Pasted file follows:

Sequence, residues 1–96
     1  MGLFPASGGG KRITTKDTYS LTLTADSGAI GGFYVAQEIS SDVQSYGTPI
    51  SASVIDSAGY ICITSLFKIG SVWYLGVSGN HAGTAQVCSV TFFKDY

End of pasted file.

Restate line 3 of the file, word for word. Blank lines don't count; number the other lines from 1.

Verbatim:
    51  SASVIDSAGY ICITSLFKIG SVWYLGVSGN HAGTAQVCSV TFFKDY